Having packed his bags in one star-studded dressing room, he placed it into another that blew what he had experienced in north London out of the water. Skippered by Paolo Maldini, Flamini would proudly adorn the black and red stripes alongside Kaka, Clarence Seedorf, Andrea Pirlo, Ronaldinho, Alessandro Nesta and Andriy Shevchenko.
Over his five years in Milan, as one icon decided to call time on his career, the likes of David Beckham, Zlatan Ibrahimovic and Robinho would fill their boots, but Flamini remained as an unsung regular in Ancelotti’s midfield, doing the dirty work to allow the magicians to showcase their spells. Unsurprisingly, a first career league success came in 2010/11 when the Frenchman featured 29 times in all competitions as the Scudetto was claimed, which remains Milan’s last league title.
“Milan was another level,” he said. “I worked under another coach who had a big impact on my career in Carlo Ancelotti. He was very close to his players and it was a very strong team with quality and experience, and I was 24 at the time learning a lot from these guys. Myself and [Alexandre] Pato were the two youngest players in the team so to have the chance to play amongst legends was huge for my career, as was playing in the San Siro in front of 80,000 fans who are crazy about football. We won a Scudetto and played in big derbies against Inter and there was so much passion; it was so intense.”
Having played with what seems like a Panini sticker book packed full of the globe’s greatest players, with so many options to choose from, who would Flamini say is the best of the lot? It’s a thankless task, but he narrows it down to a few options.
“I’ve enjoyed playing with every single player I played with because you learn from each and every one of them every day in training, but Ronaldinho, Bergkamp and Henry stand out, as well as guys I’ve played with recently like Mesut Ozil. These players can make the difference – that’s why they’re so special.
“Ronaldinho was exceptional with the ball, he could do whatever he wanted. It seemed like instead of having two feet, he had two hands. He was a genius who was born with that ability; it was a gift from God and I loved playing with him. Ibra [Ibrahimovic] was talented but what I really liked about him was that he was a winner – not just in games but also in training, and those are the type of players you need in your team.
“Kaka was full of quality and was a very clever player. He had great acceleration and could make the difference in one-on-one situations, so he was at the top at the time, and I played a few years with David [Beckham]. I know him well and he’s very talented but also very humble and a simple person. I really enjoyed my time with him on and off the pitch.”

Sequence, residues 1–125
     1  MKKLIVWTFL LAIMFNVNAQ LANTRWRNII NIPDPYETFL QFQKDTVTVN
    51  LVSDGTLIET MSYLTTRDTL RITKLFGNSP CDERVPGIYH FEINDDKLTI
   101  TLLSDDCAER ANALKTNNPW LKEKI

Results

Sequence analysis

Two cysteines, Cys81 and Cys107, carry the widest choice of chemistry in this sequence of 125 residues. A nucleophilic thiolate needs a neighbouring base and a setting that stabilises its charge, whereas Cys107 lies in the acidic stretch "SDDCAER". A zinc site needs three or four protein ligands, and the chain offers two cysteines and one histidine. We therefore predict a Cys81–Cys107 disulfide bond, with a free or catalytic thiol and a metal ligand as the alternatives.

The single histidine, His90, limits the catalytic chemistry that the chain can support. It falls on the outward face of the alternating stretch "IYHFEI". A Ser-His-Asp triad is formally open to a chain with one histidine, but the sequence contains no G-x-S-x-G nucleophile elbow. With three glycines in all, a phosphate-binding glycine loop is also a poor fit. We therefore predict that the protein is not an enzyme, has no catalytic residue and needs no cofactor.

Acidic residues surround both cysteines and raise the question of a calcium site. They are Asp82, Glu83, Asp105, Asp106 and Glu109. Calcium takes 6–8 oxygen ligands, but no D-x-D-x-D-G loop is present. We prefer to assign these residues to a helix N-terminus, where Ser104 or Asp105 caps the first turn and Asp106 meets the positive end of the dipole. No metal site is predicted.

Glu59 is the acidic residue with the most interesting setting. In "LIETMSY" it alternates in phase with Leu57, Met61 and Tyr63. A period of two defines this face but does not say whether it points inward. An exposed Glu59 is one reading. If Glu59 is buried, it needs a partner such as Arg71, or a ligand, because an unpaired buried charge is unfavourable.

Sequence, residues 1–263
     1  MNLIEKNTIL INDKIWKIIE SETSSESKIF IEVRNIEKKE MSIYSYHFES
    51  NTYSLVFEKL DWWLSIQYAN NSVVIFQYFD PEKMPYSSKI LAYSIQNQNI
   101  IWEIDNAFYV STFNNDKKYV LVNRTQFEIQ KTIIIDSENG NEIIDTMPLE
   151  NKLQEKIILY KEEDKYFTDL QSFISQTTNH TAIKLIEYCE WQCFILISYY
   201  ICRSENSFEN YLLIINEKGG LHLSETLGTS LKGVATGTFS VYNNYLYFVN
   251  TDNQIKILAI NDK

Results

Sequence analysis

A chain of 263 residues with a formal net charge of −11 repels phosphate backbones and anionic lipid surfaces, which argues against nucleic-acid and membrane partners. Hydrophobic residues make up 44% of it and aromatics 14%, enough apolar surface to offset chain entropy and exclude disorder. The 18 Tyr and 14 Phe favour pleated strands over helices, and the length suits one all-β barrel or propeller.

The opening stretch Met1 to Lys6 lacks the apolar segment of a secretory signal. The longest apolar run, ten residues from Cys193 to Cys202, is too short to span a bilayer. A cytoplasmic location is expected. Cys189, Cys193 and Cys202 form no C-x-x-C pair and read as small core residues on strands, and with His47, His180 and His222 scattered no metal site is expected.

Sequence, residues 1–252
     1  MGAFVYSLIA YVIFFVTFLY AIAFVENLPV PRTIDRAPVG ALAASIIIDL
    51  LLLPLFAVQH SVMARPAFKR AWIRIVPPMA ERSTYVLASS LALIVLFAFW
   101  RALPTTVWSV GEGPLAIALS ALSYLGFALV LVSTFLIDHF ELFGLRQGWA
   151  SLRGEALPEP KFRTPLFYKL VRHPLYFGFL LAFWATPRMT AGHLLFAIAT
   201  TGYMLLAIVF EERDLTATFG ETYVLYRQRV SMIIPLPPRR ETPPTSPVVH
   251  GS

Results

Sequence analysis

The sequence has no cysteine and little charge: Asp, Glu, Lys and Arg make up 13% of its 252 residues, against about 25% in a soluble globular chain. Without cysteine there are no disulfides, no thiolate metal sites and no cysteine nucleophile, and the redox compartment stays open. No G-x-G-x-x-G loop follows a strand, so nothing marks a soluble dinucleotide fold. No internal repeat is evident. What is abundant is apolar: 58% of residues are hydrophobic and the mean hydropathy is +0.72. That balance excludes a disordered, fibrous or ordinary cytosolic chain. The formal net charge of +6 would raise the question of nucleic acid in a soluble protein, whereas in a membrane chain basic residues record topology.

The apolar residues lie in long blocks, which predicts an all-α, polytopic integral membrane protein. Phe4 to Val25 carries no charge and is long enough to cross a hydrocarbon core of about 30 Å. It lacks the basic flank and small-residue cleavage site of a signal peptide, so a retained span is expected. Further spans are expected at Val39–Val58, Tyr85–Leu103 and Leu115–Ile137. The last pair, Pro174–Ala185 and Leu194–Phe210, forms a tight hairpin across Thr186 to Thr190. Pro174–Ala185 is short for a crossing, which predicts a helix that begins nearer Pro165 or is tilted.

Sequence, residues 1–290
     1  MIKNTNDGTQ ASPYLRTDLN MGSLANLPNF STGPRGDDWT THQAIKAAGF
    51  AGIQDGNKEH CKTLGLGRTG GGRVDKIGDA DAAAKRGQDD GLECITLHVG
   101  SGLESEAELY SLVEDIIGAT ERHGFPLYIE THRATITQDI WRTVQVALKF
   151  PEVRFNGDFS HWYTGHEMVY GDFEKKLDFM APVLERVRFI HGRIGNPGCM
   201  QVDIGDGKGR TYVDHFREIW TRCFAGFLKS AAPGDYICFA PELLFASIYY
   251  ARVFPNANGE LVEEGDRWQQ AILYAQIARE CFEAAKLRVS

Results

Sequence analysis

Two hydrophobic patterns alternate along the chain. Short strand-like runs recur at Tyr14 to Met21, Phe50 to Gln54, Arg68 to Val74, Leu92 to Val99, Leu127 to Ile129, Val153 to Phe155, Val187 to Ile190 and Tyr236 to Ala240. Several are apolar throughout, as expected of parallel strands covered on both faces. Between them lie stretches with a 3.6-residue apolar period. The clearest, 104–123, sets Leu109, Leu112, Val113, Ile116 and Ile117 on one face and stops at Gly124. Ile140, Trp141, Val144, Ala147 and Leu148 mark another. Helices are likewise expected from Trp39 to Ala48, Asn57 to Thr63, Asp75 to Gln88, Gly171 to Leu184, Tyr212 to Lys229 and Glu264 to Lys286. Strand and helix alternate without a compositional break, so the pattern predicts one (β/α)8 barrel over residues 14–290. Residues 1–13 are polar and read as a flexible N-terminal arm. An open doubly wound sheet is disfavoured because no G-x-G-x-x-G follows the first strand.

Flamini would spend five years featuring for the Rossoneri, making 123 appearances before once again his contract expired in 2013. When weighing up his options, the chance came to return to Arsenal to simply keep his fitness levels up, but after impressing Wenger for a second time, he leapt at the opportunity to return permanently to the country where he feels his defensive midfield displays are best suited.
Just as he had all his career, the three-time capped French international was thrown straight into the deep end and made his second Gunners debut in a north London derby to help his side claim a win against Tottenham Hotspur. That would be the first of a further 93 games for Arsenal which came to an end in the summer.
Five months ago the deal was done to bring him to Selhurst Park for the season, but despite having enjoyed the company of some of world football’s superstars, he is keen to leave all that in the past and focus on helping Palace away from danger, unless prompted by his current teammates keen to garner any inside gossip about the habits of their former heroes.
“There is a great communication with the guys and good spirit here, so I enjoy talking to them about my experiences,” the 32-year old commented when asked how much the Eagles squad tap into his knowledge.
“I’m not someone who lives in the past, I prefer to focus on the present because you can forget to live in the present.
“As for the future, I want to have the opportunity to play in the team and make sure that Palace do better than we did in 2016. We are not in a good position and we have to get away from the relegation zone because we don’t want to be involved in that. We have a lot of quality and some good players, and we definitely can do much better.”
And who can argue with that? After all, when it comes to judging a squad’s quality and good players, there’s not many more qualified than Flamini.